Farmers, ranchers respect the land
Pleased with the recent sightings of storm clouds, puddles and blooming flowers, Kansans also should be happy to celebrate Earth Day. This year it marks the 45th anniversary of what we can consider the birth of the modern environmental movement.
This is also a special week for Sedgwick County farmers and ranchers who produce food, fuel and fiber. The original idea of Earth Day was to promote the conservation of our natural resources, so it is only fitting that on this day we showcase the progress of the local farmer and rancher.
Protecting and caring for this world can be a challenge, because some regard the land as a private commodity. Others, including farmers, ranchers and those who make their living from the land, view it as a community to which they belong. They love, respect and care for the land.
When land is used properly, it tends to preserve the integrity, stability and beauty of our community. Without these feelings of obligation to the Earth, the land we all love will not continue to produce important and essential products our society enjoys.
We can never throw away or limit the tools that have provided so much for so many. Let’s remember our annual commitment to the successful and wise use of our life-giving soil. We will never outgrow the land.
Sedgwick County Farm Bureau Agricultural Association
Much has been said about Kansas’ new welfare law, which limits how welfare assistance can be spent. The one thing that caught my eye was a comment by Chelsi Henry, an attorney and environmental policy adviser who once watched her mother stretch welfare checks (“Not all reactions negative to Kansas’ welfare bill,” April 15 Now Consider This). She wrote in the Washington Post “that nail salons and amusement parks aren’t necessities – and if you’re coming to taxpayers for help, then taxpayers are well within their rights to make sure you don’t spend their money frivolously.”
That is quite a statement. Now if we are going to hold the welfare recipients to this standard, what about the farmer who gets subsidies (taxpayers’ help)? His wife can no longer get her nails done, nor can he take his kids to Disneyland. The oil companies that get tax breaks (taxpayers’ help) should not squander their money on cruises, lavish bonuses to CEOs, etc.
There are many more examples of welfare, but only the ones who really need it are held to limitations on how they can use it.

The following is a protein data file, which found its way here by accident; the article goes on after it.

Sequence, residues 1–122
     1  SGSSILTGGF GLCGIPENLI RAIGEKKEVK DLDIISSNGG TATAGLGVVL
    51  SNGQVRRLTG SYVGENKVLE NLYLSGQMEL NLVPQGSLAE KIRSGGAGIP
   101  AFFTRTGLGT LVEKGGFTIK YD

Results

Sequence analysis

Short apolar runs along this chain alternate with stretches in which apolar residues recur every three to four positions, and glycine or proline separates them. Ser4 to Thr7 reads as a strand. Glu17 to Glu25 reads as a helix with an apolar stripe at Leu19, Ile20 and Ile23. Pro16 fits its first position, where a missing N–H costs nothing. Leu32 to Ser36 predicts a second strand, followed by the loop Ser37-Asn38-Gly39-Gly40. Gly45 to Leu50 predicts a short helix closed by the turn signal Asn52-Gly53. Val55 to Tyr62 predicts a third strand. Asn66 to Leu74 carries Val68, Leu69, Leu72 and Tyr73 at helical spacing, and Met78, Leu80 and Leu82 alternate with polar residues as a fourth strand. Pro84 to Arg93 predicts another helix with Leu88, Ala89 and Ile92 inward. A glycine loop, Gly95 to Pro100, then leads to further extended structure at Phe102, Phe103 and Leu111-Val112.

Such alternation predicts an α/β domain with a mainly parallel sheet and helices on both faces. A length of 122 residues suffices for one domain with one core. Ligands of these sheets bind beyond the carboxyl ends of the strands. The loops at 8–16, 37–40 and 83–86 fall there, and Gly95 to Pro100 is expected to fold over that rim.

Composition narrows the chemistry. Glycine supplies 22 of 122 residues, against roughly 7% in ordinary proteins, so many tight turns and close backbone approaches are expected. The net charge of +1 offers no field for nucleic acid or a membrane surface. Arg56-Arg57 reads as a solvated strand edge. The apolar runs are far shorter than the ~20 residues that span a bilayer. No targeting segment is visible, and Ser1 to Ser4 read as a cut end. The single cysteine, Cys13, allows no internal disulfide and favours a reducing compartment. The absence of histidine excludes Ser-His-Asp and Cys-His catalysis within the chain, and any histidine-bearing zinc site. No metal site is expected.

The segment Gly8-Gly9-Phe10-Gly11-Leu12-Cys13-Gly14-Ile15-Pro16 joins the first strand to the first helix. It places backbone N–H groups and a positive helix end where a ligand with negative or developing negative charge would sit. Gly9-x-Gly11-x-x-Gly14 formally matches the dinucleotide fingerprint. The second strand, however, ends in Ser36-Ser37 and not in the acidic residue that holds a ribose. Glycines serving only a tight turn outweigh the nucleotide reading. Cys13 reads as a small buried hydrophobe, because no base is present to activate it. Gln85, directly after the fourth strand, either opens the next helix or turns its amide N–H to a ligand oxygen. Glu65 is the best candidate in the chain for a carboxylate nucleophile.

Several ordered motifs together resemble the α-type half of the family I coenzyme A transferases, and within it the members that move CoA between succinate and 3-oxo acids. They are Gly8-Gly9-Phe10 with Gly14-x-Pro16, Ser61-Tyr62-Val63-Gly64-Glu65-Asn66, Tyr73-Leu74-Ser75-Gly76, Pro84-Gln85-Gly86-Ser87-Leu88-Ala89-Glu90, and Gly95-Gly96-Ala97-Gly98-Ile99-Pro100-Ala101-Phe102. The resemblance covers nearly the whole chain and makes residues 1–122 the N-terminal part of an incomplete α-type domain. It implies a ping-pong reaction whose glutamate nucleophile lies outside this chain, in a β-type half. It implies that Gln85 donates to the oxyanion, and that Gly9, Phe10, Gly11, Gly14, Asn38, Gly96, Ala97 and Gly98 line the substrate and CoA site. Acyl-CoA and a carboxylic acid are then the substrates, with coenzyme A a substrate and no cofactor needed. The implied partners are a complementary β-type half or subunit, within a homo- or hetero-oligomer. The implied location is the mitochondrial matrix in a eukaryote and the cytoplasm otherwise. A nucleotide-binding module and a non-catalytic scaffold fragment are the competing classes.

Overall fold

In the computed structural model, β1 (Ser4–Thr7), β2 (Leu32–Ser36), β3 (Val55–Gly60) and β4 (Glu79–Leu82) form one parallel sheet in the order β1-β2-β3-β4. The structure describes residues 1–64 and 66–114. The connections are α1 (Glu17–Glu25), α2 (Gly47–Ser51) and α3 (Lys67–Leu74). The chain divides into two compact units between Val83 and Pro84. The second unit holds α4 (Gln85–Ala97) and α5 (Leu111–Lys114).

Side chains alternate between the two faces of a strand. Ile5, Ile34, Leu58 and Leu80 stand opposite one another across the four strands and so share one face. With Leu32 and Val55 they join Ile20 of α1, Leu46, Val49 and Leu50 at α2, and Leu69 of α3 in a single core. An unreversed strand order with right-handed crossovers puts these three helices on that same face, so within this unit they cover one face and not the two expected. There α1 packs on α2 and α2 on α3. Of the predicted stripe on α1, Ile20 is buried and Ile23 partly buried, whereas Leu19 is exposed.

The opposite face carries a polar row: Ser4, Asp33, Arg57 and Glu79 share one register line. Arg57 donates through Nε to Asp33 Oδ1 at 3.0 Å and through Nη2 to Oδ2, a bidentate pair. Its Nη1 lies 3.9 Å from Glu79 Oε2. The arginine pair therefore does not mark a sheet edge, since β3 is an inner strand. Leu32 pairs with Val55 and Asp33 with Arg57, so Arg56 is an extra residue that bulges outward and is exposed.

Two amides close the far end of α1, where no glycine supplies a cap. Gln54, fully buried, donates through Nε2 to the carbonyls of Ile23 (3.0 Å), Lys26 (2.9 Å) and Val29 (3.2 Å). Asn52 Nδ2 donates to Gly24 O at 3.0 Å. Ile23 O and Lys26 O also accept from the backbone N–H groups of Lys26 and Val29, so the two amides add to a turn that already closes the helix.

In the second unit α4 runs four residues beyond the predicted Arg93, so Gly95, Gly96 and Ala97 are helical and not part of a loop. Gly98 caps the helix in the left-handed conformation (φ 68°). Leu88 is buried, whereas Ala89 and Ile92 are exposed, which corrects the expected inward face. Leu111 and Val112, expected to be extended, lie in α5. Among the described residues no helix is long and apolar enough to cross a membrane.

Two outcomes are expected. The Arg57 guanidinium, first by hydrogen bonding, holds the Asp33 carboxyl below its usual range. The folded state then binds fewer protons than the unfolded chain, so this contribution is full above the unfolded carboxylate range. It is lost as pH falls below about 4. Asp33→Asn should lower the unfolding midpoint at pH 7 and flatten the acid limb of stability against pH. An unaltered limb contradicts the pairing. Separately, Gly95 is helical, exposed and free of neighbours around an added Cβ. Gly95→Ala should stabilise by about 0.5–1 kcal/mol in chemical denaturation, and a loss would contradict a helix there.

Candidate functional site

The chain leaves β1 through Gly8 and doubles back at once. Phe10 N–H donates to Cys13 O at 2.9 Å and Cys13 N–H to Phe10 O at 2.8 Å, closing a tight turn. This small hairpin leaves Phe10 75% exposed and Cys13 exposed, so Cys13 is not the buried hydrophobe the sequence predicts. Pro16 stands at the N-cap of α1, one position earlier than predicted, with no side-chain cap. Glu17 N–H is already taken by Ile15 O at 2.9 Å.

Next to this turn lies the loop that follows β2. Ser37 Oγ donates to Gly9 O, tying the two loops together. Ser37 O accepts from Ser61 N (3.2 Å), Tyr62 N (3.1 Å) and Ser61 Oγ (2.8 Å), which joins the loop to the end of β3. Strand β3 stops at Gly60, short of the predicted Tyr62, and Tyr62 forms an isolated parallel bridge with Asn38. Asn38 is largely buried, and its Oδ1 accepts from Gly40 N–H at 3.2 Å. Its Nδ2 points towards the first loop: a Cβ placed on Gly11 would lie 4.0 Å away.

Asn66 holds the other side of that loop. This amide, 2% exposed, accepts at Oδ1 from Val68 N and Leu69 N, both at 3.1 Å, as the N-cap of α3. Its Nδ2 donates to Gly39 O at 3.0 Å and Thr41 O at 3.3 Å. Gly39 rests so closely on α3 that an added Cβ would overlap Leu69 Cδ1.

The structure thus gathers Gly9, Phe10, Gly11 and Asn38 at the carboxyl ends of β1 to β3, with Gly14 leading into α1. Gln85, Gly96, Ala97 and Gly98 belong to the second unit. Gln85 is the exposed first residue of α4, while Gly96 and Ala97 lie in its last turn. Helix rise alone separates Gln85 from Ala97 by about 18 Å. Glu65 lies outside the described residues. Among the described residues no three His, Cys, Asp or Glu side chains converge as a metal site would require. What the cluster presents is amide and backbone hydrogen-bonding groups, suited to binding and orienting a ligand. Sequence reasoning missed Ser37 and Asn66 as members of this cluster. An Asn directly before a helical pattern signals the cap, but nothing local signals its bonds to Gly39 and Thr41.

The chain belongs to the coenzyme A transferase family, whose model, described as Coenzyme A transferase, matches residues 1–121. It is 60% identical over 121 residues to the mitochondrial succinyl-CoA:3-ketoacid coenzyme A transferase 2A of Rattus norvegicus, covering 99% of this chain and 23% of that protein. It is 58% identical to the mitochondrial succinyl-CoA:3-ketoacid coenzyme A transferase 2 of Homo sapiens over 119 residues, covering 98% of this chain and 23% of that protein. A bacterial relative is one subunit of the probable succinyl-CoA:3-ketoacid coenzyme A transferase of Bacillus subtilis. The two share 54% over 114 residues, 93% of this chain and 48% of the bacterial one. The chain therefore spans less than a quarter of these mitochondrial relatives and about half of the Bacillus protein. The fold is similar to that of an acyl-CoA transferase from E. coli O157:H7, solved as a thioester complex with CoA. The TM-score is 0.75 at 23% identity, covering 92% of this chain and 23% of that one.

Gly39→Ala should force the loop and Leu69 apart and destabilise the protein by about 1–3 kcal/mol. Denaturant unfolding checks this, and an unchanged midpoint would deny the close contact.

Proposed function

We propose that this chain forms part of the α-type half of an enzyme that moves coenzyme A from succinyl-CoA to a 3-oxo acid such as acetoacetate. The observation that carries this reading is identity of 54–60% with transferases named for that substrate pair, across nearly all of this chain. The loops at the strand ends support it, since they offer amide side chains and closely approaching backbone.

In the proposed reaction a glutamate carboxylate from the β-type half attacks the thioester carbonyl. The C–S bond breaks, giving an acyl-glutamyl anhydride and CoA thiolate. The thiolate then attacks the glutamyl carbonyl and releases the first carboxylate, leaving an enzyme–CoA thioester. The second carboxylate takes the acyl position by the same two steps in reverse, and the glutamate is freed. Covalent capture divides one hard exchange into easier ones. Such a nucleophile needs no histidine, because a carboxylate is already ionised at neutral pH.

I must remind many people (editorialists and the left) that the oversight by the state of Kansas regarding the new welfare rules is exactly what you have asked for – more government intrusion into our daily lives. The Affordable Care Act, tremendous regulations for businesses, telling us that coffee is “hot” and that gasoline is “flammable” – all are examples of how big government is in our lives more and more. Now our government clarifies welfare rules and the cries go up.
If it is truly a concern, then join the cause to make all of government smaller and less intrusive.
GERALD D. FRASER
Perhaps Sen. Michael O’Donnell, R-Wichita, can teach poor people how to live rent-free, as he did for years. Living in a house owned by his dad’s church, O’Donnell first said he did “maintenance” around the church for rent, then said he didn’t. Then he said he paid rent; then he said he didn’t. So O’Donnell lived rent-free at the church members’ and taxpayers’ expense, because the house was not on the property tax rolls; it was listed as the church parsonage.
I am sure O’Donnell regrets taking advantage of others in order to live rent-free. Or is that kind of cheating OK for everyone?
“Kansas is now confronting annual budget deficits, severe cuts in education and road maintenance, and credit-rating downgrades,” wrote Bloomberg News columnist Barry Ritholtz (“Supply-side test is failing Kansas,” April 19 Opinion).
“Some in Topeka still in budget denial” was a headline earlier this year (Feb. 4 Now Consider This).
Gov. Sam Brownback and the Legislature have a defiant attitude to our Kansas Supreme Court.
And yet in election after election, Kansas voters continue to return the same political party to power. Will they ever learn?
WILLIAM L. HAYES
‘No’ on bond
Registered voters in USD 266 (Maize) will receive a mail-in ballot next month regarding two school bond issues totaling more than $83 million. Current property tax statements show three previous bonds already on the tax rolls.
There are several items included on the $70.7 million bond request that are unneeded. The $12.85 bond request for an aquatic center is absolutely a luxury that will create an ongoing expense for the community, including maintenance, staffing and liability.
Vote “no” on these issues and demand the new school board restructure the bonds into “needed” and “wanted” projects. Return our district to being more student-focused, and stop spending our money inefficiently.
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